Glen Webster, director and general manager of award-winning WA building consultancy Home Integrity, said strata companies and owners should look to registered builders for their 10-year plans.
Home Integrity last month won SCA’s national Strata Services Business Award after winning the WA award in the same category last year.
“There are two parts to the 10-year plan and a lot of people don’t realise that” said Mr Webster, a structural engineer and registered builder. “There is the building condition report and the 10-year maintenance plan. They are distinctly different things.
“A lot of strata companies are interested in the financials and the graphs — understanding the money that they need to spend, and when, is important for obvious reasons.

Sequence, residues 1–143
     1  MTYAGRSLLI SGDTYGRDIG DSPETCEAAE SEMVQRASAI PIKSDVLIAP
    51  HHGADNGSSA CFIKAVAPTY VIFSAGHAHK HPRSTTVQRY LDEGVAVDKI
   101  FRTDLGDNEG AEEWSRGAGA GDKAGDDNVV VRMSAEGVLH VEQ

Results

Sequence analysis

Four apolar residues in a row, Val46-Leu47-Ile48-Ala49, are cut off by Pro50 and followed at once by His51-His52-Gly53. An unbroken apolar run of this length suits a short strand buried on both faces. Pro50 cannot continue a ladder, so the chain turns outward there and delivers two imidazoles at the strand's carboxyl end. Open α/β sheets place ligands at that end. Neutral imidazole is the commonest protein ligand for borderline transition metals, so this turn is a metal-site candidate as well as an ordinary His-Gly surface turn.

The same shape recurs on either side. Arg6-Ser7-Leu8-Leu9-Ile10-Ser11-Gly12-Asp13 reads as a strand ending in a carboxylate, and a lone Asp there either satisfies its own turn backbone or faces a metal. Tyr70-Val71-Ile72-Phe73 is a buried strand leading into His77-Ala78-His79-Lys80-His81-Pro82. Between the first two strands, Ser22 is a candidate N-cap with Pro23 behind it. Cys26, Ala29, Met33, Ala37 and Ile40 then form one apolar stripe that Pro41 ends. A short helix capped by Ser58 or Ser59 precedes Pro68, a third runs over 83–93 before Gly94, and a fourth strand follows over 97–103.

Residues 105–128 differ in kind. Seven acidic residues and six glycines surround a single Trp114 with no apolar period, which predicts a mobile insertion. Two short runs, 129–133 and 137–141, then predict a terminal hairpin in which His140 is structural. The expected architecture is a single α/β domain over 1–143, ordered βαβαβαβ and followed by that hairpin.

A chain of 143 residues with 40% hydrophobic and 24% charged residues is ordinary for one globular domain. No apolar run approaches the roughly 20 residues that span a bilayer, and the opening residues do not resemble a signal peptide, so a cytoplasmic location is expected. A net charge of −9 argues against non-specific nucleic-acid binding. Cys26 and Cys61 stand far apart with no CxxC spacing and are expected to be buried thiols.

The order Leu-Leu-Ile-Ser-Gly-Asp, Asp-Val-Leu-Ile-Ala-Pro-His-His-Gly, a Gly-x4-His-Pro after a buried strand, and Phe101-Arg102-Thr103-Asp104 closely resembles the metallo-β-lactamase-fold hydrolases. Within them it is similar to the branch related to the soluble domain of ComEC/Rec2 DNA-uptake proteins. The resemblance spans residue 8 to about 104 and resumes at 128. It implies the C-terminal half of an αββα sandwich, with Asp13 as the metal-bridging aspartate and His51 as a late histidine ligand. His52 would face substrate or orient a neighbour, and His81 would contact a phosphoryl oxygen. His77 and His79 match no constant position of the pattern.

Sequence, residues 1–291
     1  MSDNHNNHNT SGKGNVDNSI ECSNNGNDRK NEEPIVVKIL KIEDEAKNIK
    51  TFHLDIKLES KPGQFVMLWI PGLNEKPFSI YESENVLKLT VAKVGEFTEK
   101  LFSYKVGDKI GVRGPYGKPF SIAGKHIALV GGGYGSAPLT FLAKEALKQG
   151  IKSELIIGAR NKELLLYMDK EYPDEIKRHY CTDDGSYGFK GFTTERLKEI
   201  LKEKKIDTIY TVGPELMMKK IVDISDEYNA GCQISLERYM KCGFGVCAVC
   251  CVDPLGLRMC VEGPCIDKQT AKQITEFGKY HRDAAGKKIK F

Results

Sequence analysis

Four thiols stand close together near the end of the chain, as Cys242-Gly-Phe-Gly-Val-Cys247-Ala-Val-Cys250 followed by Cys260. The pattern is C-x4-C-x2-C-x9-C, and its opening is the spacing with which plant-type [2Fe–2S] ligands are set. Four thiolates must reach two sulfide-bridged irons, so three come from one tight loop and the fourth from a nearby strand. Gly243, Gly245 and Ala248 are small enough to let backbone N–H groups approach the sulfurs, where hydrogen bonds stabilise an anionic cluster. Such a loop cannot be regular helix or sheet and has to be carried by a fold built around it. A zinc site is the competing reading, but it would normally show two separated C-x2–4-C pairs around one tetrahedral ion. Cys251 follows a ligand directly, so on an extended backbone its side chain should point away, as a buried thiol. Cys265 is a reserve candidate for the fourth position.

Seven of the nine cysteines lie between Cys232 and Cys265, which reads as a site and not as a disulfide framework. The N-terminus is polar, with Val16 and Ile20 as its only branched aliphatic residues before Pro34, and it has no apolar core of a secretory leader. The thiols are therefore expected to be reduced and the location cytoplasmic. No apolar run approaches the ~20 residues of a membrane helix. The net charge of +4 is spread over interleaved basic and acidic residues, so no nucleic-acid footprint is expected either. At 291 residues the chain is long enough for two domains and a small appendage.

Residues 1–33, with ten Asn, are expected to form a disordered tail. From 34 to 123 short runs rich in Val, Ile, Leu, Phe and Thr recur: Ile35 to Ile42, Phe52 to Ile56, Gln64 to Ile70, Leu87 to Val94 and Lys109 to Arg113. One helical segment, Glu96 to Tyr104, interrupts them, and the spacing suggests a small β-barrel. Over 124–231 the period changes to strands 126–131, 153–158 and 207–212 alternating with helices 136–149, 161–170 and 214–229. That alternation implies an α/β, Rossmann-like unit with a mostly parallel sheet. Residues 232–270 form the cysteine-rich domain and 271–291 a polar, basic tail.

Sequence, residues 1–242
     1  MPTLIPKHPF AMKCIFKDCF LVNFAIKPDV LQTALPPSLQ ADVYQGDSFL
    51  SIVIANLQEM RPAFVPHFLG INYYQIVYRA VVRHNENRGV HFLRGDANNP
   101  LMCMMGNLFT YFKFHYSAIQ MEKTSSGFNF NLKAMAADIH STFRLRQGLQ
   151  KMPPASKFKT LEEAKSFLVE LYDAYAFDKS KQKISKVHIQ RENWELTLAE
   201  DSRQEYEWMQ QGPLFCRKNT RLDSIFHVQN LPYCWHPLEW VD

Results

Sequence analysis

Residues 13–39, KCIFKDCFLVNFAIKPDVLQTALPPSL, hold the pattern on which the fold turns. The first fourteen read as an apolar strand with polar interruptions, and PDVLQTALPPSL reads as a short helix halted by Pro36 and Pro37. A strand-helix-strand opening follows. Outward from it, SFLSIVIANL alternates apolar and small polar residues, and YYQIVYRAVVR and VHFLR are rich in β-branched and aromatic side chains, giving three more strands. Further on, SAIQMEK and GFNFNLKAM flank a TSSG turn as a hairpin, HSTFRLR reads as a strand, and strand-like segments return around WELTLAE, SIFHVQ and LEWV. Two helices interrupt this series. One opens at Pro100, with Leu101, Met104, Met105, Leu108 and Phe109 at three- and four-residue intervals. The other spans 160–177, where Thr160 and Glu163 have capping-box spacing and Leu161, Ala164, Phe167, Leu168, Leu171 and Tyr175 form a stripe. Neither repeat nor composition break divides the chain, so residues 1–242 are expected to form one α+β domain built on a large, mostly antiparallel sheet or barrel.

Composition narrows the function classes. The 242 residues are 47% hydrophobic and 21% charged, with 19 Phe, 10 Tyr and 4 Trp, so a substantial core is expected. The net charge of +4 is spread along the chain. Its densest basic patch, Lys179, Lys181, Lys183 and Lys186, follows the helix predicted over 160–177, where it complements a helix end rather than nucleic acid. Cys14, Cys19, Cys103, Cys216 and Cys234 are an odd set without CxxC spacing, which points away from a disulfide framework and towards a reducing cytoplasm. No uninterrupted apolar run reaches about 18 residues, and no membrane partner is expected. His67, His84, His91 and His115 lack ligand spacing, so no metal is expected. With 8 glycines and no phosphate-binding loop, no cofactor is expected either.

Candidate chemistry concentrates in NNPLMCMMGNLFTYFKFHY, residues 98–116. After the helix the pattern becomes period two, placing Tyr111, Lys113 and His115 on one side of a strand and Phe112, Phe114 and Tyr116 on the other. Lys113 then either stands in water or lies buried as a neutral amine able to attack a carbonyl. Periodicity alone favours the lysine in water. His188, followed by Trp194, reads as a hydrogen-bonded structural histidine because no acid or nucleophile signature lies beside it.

“But when it comes to the condition report, you want to make sure the proper time and effort has been put into that, and it has been undertaken by a qualified builder. This information also assists in feeding into the 10-year plan component if it is done correctly.
“There are inspectors in the industry who are not registered builders and strata companies may even choose to do these inspections themselves. However, this is shortsighted and may leave the Council of Owners exposed in the future.
“The Miami collapse should be a wake-up call, to ensure appropriately qualified professionals undertake these inspections.”
Mr Webster said it was also important that companies followed up on expert recommendations. He said priority of repairs or replacement was an integral part of the plans and addressing highlighted issues would assist in maintaining a building to a suitable standard.
“There will be a detailed account and history that comes out of the Miami investigation,” he said. “In the interim, there will be significant speculation about this collapse, but it will take some time for the root cause to be formally acknowledged.